Thursday, July 29, 2010


D (bless him) came with me to tango on Wednesday - the first non-dancing friend to do to so - and, against the odds, took these pictures.

The hall was candle-lit, the only other light source a few glowing wall heaters. And flash would have ruined the atmosphere - for the dancers and the pictures. So the image quality is poor (and, in deference to my own and others' privacy, I have wouldn't posted these if any of us were recognisable).

I love this one - the isolation and intent of the couple dancing, the lone woman watching. Edward Hopperish, D and I agreed (notwithstanding the fact that D suspects Hopper might be over-rated). 

I don't know how affecting others will find these images because I know how much I bring to them - experience of the music, the atmosphere, the feeling of dancing - but for me they capture something. That brief intense intimacy; leaders and followers holding on to each other against the odds.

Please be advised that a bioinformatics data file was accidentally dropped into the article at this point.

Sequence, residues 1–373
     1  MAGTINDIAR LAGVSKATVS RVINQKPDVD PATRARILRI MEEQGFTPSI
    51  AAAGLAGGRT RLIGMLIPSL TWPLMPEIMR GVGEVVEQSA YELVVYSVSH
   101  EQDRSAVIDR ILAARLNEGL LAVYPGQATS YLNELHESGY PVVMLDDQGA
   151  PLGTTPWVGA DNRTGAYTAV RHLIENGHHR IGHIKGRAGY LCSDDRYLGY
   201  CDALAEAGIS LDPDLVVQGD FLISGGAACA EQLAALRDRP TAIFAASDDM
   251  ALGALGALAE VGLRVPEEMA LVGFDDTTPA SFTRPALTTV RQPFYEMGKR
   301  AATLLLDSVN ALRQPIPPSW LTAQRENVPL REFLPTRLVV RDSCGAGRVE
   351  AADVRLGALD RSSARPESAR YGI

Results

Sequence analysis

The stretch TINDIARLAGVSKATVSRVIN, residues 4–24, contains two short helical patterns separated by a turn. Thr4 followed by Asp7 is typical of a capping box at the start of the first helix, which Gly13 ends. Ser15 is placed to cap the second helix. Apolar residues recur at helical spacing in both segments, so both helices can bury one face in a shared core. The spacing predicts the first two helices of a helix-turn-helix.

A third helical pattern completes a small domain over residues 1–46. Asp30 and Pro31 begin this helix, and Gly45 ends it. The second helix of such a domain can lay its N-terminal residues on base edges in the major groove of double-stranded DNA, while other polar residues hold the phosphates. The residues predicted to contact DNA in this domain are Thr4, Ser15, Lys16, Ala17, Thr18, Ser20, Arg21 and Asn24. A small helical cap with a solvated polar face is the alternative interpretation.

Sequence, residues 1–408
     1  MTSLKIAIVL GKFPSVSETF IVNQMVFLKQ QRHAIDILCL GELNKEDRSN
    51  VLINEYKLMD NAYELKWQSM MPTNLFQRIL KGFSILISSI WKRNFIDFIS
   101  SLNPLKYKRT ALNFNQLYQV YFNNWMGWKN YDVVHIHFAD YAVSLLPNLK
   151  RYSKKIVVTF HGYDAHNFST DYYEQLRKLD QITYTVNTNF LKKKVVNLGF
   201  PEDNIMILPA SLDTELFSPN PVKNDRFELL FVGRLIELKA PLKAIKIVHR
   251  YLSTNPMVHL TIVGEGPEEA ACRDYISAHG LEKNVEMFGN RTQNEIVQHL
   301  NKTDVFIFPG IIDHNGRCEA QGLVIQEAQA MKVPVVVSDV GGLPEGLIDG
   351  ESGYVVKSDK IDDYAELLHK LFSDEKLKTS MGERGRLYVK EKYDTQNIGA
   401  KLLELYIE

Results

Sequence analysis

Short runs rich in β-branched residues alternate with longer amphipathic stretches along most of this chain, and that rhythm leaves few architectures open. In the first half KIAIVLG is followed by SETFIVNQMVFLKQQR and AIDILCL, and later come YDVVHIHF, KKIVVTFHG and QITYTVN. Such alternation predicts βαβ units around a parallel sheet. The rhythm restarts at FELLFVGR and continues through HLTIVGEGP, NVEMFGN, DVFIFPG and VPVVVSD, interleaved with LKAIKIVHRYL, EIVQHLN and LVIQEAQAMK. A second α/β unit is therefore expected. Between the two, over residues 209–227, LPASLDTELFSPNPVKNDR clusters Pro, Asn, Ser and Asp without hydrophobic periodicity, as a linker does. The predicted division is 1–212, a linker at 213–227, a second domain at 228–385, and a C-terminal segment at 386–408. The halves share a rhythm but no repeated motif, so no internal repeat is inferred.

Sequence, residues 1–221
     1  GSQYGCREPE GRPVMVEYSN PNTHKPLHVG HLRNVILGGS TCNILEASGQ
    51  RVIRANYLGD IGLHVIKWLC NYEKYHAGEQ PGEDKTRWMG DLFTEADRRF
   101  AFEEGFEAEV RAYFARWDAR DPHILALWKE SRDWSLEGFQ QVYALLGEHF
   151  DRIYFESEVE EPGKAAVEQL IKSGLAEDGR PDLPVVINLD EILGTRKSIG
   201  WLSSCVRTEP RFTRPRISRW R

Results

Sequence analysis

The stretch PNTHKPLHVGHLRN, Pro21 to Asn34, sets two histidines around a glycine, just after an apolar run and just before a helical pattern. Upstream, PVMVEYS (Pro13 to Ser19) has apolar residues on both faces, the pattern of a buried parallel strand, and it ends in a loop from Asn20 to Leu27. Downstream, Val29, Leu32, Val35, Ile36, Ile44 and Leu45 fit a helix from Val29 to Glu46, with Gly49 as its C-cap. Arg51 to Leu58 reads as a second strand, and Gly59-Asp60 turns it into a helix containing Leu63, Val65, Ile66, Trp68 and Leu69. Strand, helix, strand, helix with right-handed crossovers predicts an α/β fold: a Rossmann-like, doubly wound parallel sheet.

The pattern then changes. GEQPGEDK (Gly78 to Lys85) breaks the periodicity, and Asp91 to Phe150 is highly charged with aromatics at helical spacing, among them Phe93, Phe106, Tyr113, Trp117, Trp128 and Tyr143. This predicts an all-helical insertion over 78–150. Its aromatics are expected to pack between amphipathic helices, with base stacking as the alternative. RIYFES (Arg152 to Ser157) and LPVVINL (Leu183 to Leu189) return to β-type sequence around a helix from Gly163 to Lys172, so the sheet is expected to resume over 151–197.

Someone said to me months ago that people couldn't dance tango until they'd had their hearts broken. Unfortunately, the reverse doesn't necessarily apply - having had your heart broken, even several times,  doesn't automatically transform you into a terrific tanguera.

D said he felt as though he were in a documentary. He was fascinated. And touched.


  1. Now I know about the broken-hearted qualification, I might try tango again - with three fault lines, who knows what I'll achieve! Nice pix, D - I like the blurred action thing for dancers. Did the same for a 14-year-old friend recently doing Latin (him still and her a blur of spinning blue) but he wasn't impressed :-/

  2. You shared the Tango experience with me and I thank you for it Plain Jane. I love the music and now truly appreciate what the Tango means to the dedicated followers who work so hard to learn and master this art form. Long may you follow that Tango beat.